July 23, 1993


The way it is now, the asylums can hold the sane people, but if we try to shut up the insane we should run out of building materials.

Mark Twain

I have just finished watching a particularly disturbing episode of Star Trek the Next Generation. Commander Riker is rehearsing for a play in which he is an inmate of a mental institution and is either being treated by a psychiatrist or is being brain washed. The plot thickens and soon no one knows what is real and what is induced fantasy.

It seems strange that I would be touched by a fantasy within a fantasy within a fantasy etc. Since nothing in Star Trek is real, why does it bother me? It bothers me because there have been incidents in my life where it was hard to maintain my sanity; when it was a struggle just keep my mental balance.

During WWII, I joined the infantry in the middle of a troop movement, after dark. The vehicle in which I was riding stopped occasionally and we all ran into the fields and hugged the earth, while low-flying aircraft fired tracer bullets at something that I couldn't see. I was dropped off at an Aid Station. The staff asked me if I was the new medic. When I said "yes", one of them said "you're in charge" and they all left to go to sleep, leaving me with no instructions and no way to contact anyone. A rifleman came in and said "where am I?" I told him that he was in an aid station.

"Which aid station?" he asked flatly.

"Blue," I said, because that was all that I had been told.

He walked out, only to return, saying "They sent me back." I managed to persuade him to give me his rifle and to lie down and get some sleep. I have no recollection of what happened after that. I knew that the soldier was crazy --they called it "Combat Fatigue" -- but what about me? I had little more idea of reality than he did. What I have told you is all that I remember. The next day I was taken to the infantry platoon that I was to be with for the rest of the war. Was I insane? Was the world insane?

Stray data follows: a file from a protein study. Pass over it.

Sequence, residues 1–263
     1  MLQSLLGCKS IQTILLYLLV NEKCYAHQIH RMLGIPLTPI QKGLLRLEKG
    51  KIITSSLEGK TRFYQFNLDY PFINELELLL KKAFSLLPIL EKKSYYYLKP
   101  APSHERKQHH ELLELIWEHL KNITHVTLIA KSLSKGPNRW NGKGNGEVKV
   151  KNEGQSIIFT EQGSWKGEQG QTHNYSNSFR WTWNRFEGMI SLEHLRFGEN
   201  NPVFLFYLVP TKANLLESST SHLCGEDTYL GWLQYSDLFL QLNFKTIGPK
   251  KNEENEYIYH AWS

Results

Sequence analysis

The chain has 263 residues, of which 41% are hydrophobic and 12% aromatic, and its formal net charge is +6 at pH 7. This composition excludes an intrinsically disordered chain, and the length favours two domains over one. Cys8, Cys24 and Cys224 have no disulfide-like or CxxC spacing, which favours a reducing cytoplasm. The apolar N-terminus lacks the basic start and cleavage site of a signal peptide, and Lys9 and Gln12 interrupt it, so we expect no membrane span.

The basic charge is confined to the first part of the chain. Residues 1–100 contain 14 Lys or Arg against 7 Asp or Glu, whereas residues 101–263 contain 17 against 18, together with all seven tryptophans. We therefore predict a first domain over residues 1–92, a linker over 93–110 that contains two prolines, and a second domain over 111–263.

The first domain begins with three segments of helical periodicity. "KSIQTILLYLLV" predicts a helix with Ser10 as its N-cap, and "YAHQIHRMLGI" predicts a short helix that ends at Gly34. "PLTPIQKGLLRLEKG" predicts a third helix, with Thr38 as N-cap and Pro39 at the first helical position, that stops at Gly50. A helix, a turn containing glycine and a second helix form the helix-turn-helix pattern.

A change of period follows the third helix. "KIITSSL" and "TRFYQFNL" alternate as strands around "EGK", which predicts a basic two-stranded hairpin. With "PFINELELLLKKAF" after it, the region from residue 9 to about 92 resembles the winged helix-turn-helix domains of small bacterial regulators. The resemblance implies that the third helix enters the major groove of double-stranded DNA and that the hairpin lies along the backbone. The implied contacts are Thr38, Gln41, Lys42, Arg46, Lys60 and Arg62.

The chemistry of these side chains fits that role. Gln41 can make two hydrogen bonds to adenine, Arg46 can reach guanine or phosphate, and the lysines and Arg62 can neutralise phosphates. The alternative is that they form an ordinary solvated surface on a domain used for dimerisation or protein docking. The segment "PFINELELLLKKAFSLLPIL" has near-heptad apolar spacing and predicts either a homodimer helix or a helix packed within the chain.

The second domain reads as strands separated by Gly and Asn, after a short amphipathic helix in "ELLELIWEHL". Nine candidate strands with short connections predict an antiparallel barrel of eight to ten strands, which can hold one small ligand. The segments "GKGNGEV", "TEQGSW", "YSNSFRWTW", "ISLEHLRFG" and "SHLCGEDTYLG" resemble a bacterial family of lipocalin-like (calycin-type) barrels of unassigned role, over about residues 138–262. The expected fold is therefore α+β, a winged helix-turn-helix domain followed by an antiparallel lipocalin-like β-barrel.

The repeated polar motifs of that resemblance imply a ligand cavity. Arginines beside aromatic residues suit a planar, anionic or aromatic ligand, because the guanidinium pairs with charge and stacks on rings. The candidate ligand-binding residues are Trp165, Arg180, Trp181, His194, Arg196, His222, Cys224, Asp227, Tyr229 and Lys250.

Have you ever had a dream that felt so real that it took a minute or so after you woke up to realize that it was only a dream? That is part of the fabric of madness, except that a person who is really out of his mind doesn't wake up; at least not right away.

Joseph Heller's book Catch 22 is about a soldier who is trying to get out of the army, but can't because of the Catch 22 which says that if he is insane, he can get out; but if he wants to get out because he doesn't want to be killed, he is obviously sane and therefore can't get out. Somewhere past the middle of the book, our hero goes mad, but his madness is so much like the real world that the reader has a hard time knowing when he goes off his rocker.

I know that I have had moments of madness in my life. I don't know if anyone else had felt that way, but I suspect that these experiences of madness are not uncommon, particularly in adolescence and in times of extreme emotional stress.

As I sit here writing, I know that I am as sane as I have ever been. How sane is that? I can never be sure.

Next column

Return to the Psychology Home Page

Return to Ira's Home Page